What a strange world, so wholly different from ours! We fall back upon a special sense to explain the ™ hunting; what can we fall back upon to account for this intuition of the future? Can the theory of chances play a part in the hazy problem? If nothing is logically arranged with a foreseen object, how is this clear vision of the invisible acquired?'

Fabre asks a question it's impossible for evolution to answer.

But the wonders aren't over yet.

Where is the mother to lay her extremely fragile eggs? If she lays them in the mass of grubs, then they might squash it as they wriggle around.

Fabre says that he and his friends were astonished at the answer, and admits that he was unable to guess it. Before you read further, can you guess it?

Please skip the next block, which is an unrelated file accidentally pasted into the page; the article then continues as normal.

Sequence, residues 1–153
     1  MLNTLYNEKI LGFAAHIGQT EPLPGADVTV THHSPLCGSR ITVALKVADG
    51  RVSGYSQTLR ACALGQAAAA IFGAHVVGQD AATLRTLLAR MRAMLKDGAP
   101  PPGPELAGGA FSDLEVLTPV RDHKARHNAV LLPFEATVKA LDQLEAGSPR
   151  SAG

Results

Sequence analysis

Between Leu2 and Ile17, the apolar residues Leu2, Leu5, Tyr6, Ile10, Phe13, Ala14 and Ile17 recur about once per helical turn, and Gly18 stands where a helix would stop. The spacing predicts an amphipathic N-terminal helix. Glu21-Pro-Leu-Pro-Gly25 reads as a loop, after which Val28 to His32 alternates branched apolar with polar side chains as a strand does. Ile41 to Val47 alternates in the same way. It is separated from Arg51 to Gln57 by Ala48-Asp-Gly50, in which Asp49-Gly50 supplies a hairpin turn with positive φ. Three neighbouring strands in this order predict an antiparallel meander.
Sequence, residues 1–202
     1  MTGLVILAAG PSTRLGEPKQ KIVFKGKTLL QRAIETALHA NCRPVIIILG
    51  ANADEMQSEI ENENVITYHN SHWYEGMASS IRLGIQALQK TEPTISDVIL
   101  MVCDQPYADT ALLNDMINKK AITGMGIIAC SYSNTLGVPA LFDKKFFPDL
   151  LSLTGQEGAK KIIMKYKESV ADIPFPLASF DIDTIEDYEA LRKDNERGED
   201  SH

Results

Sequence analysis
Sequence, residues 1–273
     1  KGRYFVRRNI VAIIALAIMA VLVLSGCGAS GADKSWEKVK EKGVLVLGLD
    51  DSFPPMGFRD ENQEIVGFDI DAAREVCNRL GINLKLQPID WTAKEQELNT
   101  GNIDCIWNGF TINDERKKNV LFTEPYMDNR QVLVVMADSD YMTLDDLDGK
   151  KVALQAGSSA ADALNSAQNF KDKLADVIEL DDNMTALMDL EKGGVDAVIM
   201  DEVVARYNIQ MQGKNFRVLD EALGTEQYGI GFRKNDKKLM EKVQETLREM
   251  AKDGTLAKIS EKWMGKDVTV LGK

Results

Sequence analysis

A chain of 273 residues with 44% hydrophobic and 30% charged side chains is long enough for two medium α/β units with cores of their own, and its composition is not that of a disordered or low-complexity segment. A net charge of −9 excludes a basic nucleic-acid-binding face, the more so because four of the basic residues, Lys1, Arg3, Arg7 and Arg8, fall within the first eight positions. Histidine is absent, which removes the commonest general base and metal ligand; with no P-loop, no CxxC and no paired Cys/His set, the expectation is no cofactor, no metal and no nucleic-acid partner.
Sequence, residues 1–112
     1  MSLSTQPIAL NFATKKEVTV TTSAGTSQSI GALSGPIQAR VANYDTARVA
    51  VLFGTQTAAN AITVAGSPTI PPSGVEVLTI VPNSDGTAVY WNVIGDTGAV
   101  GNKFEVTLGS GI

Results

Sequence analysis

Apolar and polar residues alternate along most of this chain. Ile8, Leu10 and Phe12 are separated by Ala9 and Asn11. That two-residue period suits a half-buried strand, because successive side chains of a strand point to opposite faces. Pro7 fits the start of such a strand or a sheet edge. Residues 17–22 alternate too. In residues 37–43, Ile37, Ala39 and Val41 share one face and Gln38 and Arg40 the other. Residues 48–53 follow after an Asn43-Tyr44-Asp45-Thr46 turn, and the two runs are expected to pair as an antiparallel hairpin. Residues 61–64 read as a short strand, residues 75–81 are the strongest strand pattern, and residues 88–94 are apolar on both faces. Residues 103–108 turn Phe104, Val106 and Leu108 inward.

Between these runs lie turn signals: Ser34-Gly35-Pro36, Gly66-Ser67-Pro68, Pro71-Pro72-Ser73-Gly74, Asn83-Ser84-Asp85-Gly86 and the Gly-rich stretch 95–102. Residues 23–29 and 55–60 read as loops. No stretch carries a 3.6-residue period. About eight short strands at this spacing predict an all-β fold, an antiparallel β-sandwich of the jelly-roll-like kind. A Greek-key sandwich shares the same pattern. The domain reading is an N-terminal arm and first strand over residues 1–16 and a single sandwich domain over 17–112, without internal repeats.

The mother suspends the egg by a silken thread from the ceiling, out of reach of the grubs. When it hatches, it is suspended by its hindquarters, and can raise itself out of danger if a grub becomes too frisky.

She has also built an escape route for it, a protecting sheath that he failed to observe initially, because it was so well hidden.

Now wasps have a brain the size of a mustard seed. And yet, the mother is able to do all this - without having been taught - after all, she never sees her own mother, who dies after all the above is done.

How can she possibly

1 know how to make mud?

2 know how to build an igloo?

3 know which grubs to catch?

4 know how much venom to inject, and where to inject it so it paralyses, but doesn't kill?

5 And who thought up the idea of hanging the egg from the ceiling?

6 And how does a wasp learn how to manufacture a silk thread?

7 And how did all that get into the chromosomes?

The only answer is that the whole thing was carefully and competently designed.

And if it was designed, then there was a Designer.